A stylish new Korean-French restaurant in Cary’s Maynard Crossing offers innovative cuisine in a tranquil setting. KoMo KoMo, which derives its name from the words “Korean mosaic,” opened in November 2011 and has steadily built a loyal following ever since.
Chef-owner Jae Lee is a graduate of the Culinary Institute of America and honed his skills at several fine-dining establishments in New York and the Triangle area (the Washington Duke Inn and Fins, to name a few). While Lee directs the kitchen, his wife, El Ryoo, capably oversees the front-of-house operations.
Charmingly appointed with framed quilts, vintage pottery and understated florae, KoMo KoMo’s cozy dining room beckons patrons to relax and enjoy a serene dining experience. The soothing music wafting overhead only enhances an already delightful ambiance.
KoMo KoMo represents the antithesis of the typical strip-mall-situated Asian eatery. No doubt Lee and Ryoo bring a keen sense of attention to detail. Impressively, Ryoo handled all interior decorating herself, including an eye-catching stenciled tree on one of the dining room walls.
Décor notwithstanding, nowhere is fine-tuned precision more evident than with the food. Need proof? Look no further than artfully presented appetizers like pan-seared scallops with wild mushroom and chive potato puree or chicken dumplings with soy sesame sauce.
Indeed the menu offerings are interesting — if not ambitious.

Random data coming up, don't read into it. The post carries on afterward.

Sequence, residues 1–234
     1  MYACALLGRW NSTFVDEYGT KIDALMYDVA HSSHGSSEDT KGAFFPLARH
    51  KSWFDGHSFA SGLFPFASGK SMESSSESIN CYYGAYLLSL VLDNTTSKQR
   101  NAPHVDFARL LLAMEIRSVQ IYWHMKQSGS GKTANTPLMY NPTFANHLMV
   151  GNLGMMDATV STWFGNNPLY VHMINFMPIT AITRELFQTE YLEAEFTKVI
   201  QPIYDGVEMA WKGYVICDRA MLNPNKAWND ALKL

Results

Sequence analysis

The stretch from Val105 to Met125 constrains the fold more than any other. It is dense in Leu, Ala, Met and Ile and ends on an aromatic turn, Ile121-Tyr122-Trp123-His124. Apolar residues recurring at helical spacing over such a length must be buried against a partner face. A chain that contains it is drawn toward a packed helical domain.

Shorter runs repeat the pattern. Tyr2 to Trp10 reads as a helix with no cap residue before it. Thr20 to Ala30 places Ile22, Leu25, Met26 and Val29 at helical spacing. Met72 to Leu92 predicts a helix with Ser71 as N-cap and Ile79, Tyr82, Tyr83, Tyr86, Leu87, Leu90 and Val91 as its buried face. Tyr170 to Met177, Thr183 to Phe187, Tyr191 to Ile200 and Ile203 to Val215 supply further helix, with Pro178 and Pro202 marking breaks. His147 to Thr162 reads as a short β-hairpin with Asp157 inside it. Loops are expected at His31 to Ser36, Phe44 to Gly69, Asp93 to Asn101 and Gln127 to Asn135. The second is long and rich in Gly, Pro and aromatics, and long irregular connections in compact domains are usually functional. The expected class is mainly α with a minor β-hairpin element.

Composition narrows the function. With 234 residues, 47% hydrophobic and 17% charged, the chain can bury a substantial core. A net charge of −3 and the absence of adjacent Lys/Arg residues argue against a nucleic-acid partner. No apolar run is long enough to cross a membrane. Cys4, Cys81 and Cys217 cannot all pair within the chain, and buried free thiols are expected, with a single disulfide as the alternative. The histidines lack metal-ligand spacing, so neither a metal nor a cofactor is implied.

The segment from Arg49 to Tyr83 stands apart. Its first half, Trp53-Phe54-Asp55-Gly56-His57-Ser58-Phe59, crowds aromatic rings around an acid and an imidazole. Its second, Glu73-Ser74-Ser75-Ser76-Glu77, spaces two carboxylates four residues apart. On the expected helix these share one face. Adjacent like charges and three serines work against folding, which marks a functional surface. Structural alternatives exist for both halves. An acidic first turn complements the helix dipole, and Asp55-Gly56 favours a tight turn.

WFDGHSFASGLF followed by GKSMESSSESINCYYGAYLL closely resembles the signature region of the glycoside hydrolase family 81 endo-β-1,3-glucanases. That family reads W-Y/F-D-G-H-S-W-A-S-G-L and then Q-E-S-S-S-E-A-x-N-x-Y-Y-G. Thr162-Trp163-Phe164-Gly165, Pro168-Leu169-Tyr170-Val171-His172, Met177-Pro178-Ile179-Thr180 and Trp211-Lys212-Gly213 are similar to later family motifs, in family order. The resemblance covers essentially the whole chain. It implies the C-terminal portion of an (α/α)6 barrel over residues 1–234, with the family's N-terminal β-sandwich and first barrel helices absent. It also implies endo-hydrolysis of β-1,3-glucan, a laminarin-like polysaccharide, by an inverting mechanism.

Dinner entrees, which start at $12, represent French- and Korean-infused selections alike. Aficionados of bouillabaisse (a traditional Provençal seafood stew) will find much to like about KoMo KoMo’s rendition. The same goes for Korean specialty bulgogi ssam, which essentially comprises lettuce leaf wraps with marinated beef.
Another signature main course is bibimbap, a bowl-style meal featuring multigrain rice mixed with various vegetables and, if desired, pork, beef or tofu. Other solid dishes at dinnertime include skewered grilled chicken and mushrooms with mint-enhanced couscous and yogurt sauce, and Atlantic salmon with fava beans, radish and lemon fennel citronette.
At lunchtime, tempting specials such as the Meyer lemon organic chicken roll with artisan salad or combo meal including half a sandwich, soup and a salad come in under $10. The rich lobster ravioli with ginger and fennel also merits consideration.
A reservation-only tea service is available on Wednesdays from 2:30-3:30 p.m., featuring a platter of mini-sandwiches, tarts and desserts with coffee or tea. Free Wi-Fi Internet access is an added bonus.
When it comes to desserts, you can’t go wrong with the house-favorite ginger lemongrass creme brulee, coconut rum raisin bread pudding or the KoMo red velvet cake.